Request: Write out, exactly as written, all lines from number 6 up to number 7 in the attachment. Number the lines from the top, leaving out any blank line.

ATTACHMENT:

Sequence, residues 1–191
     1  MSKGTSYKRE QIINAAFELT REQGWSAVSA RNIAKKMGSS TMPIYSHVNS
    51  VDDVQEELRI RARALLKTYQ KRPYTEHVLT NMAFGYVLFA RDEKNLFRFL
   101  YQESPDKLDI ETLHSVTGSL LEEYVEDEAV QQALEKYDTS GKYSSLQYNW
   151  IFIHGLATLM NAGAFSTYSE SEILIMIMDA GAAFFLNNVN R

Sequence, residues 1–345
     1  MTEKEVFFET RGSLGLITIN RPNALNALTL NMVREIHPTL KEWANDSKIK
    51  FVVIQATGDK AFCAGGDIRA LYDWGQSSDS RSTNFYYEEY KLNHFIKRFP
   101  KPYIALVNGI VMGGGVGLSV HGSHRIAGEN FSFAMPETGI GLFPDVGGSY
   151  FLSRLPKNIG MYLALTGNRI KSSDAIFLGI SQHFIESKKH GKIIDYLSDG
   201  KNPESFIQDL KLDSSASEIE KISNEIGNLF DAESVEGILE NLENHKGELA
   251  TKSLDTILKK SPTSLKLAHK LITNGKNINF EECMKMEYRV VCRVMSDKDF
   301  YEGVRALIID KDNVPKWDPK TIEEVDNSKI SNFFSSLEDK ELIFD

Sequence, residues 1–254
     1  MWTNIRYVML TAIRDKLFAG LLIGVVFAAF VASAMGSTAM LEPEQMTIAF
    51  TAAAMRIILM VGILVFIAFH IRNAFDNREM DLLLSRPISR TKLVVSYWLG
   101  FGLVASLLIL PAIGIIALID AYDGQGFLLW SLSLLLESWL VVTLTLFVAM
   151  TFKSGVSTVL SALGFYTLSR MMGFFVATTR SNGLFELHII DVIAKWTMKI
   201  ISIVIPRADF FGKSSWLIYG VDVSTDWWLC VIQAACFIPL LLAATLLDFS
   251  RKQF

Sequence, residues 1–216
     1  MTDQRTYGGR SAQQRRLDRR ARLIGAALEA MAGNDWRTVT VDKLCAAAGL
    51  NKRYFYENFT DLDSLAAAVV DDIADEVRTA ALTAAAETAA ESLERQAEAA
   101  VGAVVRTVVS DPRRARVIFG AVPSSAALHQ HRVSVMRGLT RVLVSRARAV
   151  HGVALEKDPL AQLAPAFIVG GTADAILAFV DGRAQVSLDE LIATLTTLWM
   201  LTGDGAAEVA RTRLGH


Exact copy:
Sequence, residues 1–345
     1  MTEKEVFFET RGSLGLITIN RPNALNALTL NMVREIHPTL KEWANDSKIK